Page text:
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Women’s opportunities hindered by lack of national childcare policy

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Hanrahan, Laura
Publication Date: 
15 Mar 2016



During his 2015 campaign, Justin Trudeau made hundreds of promises to Canadian voters—one was the creation of a framework for a national childcare policy within the first 100 days of a Liberal government; however, more than four months after assuming office, Trudeau has not delivered on this promise. Alleviating the burden of child care will improve women’s ability to access career opportunities. With Canada’s gender wage gap of women to men remaining below 70 cents to the dollar—largely due to women working in part-time, temporary, and lower level jobs due to the demands of family care—the Liberal government needs to take action immediately. Despite the fact that subsidized child care has been offered to a limited extent in Canada with a relative degree of success, the government needs to look elsewhere for the model upon which they will base their national policy.

Currently, Quebec is the only province in Canada to offer a government subsidized child care program. The provincial government has been lauded for its forward-thinking initiative, which was established in fall 1997. Initially costing users a flat-rate of $7 per child, per day, Quebec child care now comes at a cost of $7.55 with an additional sliding-scale system tax for families with an income over $50,545. Since its implementation, employment rate for Quebec women doubled, poverty rates dropped by 14 per cent, while the GDP rose by 1.7 per cent. Due to these successes, it has been promoted as the system which should be used throughout all of Canada. The Quebec system, however, has its fair share of shortcomings that cannot be overlooked. The issues that it has already experienced call into question its long-term viability, making it infeasible to implement, as is, at the national level.

While many are suggesting that Quebec’s plan be implemented throughout every province, it is worrying to think about the effects that a mismanaged system implemented at the national level could have. A 2005 study of the quality of Quebec childcare facilities reported 61 per cent having an overall quality of “minimal,” with 12 per cent rated as inadequate and 27 per cent as good. Additionally, it is individuals with higher incomes—over $60,000—who reap the greatest benefits of low flat-rade childcare. A 2000 study showed that while these higher earning income families represented a minority of children in Quebec, they accounted for more than 58 per cent of children in subsidized child care centres. This demonstrates an inherent issue in the Quebec system, and an oversight in the quality of the programs that are being offered.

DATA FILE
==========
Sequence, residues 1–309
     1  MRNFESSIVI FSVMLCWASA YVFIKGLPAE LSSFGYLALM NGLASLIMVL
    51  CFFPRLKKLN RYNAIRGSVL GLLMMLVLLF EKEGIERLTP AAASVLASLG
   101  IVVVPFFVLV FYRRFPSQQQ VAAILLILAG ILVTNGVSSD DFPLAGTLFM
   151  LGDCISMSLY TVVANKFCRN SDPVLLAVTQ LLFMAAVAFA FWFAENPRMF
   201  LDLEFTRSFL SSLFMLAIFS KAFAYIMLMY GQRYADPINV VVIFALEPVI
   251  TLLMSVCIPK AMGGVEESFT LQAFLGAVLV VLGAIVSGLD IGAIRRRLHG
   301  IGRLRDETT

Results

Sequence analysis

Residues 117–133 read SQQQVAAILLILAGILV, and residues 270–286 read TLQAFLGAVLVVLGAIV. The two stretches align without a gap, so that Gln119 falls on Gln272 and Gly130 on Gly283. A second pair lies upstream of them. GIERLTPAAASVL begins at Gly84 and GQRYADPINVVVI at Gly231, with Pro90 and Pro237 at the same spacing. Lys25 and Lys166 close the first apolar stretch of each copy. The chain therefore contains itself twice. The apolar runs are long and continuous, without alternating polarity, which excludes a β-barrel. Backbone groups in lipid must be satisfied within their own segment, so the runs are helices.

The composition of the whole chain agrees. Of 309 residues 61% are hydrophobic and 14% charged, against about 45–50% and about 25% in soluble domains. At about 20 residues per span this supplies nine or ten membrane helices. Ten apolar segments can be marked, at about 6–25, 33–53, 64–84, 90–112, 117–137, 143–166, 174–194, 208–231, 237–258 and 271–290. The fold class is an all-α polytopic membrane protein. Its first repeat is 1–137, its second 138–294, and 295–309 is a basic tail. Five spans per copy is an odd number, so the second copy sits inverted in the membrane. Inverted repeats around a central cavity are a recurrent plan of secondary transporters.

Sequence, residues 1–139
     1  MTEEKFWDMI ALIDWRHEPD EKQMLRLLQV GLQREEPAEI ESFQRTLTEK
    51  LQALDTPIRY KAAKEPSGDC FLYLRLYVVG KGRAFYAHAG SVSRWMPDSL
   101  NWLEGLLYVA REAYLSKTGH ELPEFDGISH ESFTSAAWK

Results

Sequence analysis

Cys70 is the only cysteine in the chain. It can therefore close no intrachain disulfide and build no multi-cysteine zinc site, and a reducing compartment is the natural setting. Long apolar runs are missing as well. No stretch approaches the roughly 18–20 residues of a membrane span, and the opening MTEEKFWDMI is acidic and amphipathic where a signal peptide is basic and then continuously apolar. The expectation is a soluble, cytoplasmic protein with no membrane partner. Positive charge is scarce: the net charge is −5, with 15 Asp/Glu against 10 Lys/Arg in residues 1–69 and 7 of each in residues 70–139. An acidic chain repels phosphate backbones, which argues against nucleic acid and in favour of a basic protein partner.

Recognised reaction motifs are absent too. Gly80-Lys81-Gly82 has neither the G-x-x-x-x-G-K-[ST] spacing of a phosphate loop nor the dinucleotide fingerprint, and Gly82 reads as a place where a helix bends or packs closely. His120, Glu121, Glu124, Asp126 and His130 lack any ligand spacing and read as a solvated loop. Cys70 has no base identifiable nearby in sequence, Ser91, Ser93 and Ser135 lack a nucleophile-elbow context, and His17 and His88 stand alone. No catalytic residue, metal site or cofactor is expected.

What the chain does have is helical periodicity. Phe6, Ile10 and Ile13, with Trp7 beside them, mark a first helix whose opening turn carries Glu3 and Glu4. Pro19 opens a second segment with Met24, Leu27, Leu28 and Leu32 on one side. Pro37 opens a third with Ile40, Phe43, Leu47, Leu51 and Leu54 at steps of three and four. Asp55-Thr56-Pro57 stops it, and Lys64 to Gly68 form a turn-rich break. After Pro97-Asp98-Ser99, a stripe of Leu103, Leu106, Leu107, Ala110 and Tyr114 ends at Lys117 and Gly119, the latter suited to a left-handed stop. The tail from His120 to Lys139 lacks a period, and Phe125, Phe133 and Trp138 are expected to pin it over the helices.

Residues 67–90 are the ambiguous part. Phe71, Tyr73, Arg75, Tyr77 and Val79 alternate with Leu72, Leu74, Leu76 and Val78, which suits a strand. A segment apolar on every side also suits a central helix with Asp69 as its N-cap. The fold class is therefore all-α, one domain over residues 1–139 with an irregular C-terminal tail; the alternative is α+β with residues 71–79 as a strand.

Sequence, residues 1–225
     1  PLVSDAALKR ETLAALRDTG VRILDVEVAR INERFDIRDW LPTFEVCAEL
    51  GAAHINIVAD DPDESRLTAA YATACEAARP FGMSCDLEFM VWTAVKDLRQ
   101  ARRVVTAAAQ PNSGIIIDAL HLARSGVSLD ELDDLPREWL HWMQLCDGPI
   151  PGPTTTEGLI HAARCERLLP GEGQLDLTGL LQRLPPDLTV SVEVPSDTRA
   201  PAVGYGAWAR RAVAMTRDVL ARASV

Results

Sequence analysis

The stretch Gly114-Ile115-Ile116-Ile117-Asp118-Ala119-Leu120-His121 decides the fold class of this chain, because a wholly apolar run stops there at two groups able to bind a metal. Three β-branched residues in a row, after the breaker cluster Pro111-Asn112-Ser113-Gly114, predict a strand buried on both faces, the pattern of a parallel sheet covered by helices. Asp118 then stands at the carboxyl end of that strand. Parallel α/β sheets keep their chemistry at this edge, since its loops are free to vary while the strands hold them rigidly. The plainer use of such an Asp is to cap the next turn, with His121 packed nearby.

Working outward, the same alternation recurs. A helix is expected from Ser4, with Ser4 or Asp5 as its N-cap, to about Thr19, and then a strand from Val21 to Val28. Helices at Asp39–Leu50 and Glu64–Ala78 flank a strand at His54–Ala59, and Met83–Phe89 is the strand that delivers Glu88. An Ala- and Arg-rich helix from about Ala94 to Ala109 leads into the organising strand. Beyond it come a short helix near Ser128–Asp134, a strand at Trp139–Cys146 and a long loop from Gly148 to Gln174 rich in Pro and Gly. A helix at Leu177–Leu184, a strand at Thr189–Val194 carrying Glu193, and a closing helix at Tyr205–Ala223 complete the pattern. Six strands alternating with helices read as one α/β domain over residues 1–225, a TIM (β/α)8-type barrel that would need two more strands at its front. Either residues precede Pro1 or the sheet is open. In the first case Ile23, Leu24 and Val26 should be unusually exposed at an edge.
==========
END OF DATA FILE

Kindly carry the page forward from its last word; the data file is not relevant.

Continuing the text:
Rather than using the framework that has been in place in Quebec, Canada needs to look to other countries that have successfully implemented a national childcare policy over an extended period of time as examples of what is possible at the national level. Sweden, which established its childcare system more than 40 years ago, operates full-day subsidized child care facilities, with parental fees that are directly proportional to income, and inversely proportional to the number of children in a family. Fees are capped at 1,260 Swedish Krona ($200 CAD) per month. By using a proportional scale, as opposed to Quebec’s fixed-rate base fee, it makes childcare infinitely more accessible to all income levels. Sweden has seen this, with 55 per cent of children under three and 96 per cent of children between three and six enrolled in child care, which is well above the European Union’s target for child care provisions. Consequently, Sweden’s male and female employment rates are nearly equal, at 76.5 percent and 73.5 per cent, respectively, and the gender wage gap is below the Organization for Economic Co-operation and Development average of 15 per cent—while Canada’s is double that rate.

Sweden’s method, which has clearly proven to be successful, needs to be the basis off of which Canada builds its framework. With its ability to offer both genders more equal employment opportunities, the implementation of a national child care policy is something that Canada cannot ignore or push back any longer.

-reprinted from The McGill Tribune